Studer Spotlight: Incorporating "Medical Minute" Into Daily Huddles in the Emergency Department

Posted on Thu, Oct 23, 2014
Studer Spotlight: Incorporating "Medical Minute" Into Daily Huddles in the Emergency Department

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By: Pamela Steenbergen, MBA
Copyright 2014 by Studer Group, reprinted with permission.

More and more healthcare organizations are executing daily huddles at the start of each shift as a way to effectively communicate organizational updates, focus on providing quality patient care and to proactively plan for the upcoming shift. Patient schedules, staffing, potential obstacles, goals, results and so on are all topics that can be discussed. Huddles are also an effective way to ensure that problems are quickly solved, announcements can be made about operational changes, and everyone hears a consistent message at the same time.

Huddles should be short (no more than 5 minutes) and we recommend they take place out on the department or unit instead of in a break room or enclosed area. We find that staff are more engaged when standing versus sitting, and access to a whiteboard or communication board may be beneficial for reviewing results. We also recommend incorporating “medical minute” into the daily huddles in the emergency department.

What is “Medical Minute”?
“Medical minute” is led by the Medical Director or physician associate and includes the sharing of recent patient cases or examples as teaching opportunities for staff and an opportunity for ongoing training. “Medical minute” allows providers to be involved and prepare for the upcoming shift along with the rest of the ED staff.

Think of “medical minute” as a learning opportunity for staff. For example, if a provider had a particularly challenging patient case, they can share the scenario with staff and ask for feedback on how they would handle the situation. It allows providers and staff the ability to share important reminders, learn from mistakes and share best practices from recent encounters. It can also be quick topics of interest such as why it's important to get patients undressed or the difference in croup and asthma in children.  

How to execute “Medical Minute”
The expectation is that if you are the Medical Director or physician associate on point for that shift, that person always hosts the “medical minute.” This ensures that “medical minute” always takes place and the Medical Director or provider is prepared to share information during their 60 second update. Timing is important to remember. “Medical Minute” is just that – 60 seconds. Presentations are not needed as it’s more of a discussion and learning opportunity for emergency department staff.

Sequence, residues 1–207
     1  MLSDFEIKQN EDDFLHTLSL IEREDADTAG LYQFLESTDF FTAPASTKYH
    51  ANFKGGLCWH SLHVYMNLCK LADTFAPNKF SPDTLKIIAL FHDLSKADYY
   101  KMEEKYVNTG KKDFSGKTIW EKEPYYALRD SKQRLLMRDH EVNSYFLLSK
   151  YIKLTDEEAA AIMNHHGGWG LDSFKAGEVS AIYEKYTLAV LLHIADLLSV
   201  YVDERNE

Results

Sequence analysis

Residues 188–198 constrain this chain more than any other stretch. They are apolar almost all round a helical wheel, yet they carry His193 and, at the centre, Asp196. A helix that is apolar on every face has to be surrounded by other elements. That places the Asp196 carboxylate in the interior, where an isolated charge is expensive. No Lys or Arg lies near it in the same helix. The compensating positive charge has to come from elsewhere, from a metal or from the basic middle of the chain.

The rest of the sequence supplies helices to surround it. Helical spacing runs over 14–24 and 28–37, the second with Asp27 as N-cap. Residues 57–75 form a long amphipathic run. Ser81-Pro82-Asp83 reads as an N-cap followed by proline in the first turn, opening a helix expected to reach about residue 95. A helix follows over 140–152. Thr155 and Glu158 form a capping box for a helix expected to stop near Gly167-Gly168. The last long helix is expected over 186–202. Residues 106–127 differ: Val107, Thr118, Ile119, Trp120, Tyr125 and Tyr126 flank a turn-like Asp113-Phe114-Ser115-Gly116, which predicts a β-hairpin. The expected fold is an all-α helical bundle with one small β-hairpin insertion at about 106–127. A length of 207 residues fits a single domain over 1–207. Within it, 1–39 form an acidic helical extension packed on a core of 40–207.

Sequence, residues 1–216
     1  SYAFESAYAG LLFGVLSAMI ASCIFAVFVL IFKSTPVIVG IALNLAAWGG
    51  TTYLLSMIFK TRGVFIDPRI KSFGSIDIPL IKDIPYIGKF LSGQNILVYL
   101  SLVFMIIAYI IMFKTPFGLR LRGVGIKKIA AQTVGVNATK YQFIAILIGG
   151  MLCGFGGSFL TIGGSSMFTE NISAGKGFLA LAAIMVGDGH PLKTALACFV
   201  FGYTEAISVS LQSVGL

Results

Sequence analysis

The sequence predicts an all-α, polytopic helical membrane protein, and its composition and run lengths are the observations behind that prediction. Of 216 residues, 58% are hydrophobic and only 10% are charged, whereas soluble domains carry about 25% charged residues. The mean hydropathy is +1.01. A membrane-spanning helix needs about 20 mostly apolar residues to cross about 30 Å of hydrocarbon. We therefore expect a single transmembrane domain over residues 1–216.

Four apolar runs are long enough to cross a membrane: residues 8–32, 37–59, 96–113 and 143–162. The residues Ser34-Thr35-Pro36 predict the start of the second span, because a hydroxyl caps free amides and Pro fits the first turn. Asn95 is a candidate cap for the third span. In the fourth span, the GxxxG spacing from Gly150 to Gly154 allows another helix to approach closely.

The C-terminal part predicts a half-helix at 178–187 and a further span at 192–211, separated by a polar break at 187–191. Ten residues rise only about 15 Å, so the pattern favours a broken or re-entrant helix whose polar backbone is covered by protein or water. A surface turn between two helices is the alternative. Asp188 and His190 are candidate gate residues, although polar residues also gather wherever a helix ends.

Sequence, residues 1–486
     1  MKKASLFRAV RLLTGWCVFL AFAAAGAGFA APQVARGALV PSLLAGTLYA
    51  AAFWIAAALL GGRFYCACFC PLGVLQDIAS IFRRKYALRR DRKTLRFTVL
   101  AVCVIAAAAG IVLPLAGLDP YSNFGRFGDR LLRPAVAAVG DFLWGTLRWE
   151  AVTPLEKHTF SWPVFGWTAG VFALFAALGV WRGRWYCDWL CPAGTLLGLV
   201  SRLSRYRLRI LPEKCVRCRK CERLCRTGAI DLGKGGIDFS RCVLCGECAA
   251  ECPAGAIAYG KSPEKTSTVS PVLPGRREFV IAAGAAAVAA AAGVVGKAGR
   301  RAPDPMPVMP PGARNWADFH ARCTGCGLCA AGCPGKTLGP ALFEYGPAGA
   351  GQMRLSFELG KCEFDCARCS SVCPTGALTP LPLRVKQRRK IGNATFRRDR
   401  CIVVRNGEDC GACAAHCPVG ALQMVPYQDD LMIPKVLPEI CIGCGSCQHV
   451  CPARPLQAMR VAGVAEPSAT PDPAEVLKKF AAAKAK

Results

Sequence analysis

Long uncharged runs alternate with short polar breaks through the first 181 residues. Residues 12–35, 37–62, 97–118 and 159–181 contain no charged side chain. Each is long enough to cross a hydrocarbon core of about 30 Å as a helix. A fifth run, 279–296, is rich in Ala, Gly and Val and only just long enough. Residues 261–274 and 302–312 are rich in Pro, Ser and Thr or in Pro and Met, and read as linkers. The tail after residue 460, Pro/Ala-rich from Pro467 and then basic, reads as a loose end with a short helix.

Some organizations we coach have developed a different theme for each month to help guide the topic of discussion. Each department or unit can also use the theme to ensure that OB, Peds, ICU, and so on are all represented. This expands staff knowledge beyond their own unit as well for further development.

Why is “Medical Minute” important? 
We shared that “medical minute” is an excellent learning opportunity for both providers and staff, but they also help connect to why patient experience is so important. The daily huddles start each shift with a laser focus on quality and safety for patients, but also shares organizational results and action steps that can significantly impact those results. The “medical minute” further provides a connection to improving patient experiences by bringing all staff together that may not typically interact with each other.

One organization coached by Studer Group, Swedish Medical Center, implemented “medical minute” and has seen great results. “Before we started the Medical Minute, our Physician and Nursing staff at both our busy Level One Trauma Center and at our Free Standing ER would come and go on shifts but rarely met together,” says Dr. Mark J. Kozlowski, Medical Director Emergency Medicine at Swedish Medical Center. “Our Medical Minute brings our entire Emergency Department staff together twice a day for a quick educational pearl from one of our ED physicians and an update on metrics and other activities from our Charge Nurse. The staff loves the education and this has been a real key in improving care and building a cohesive team.”


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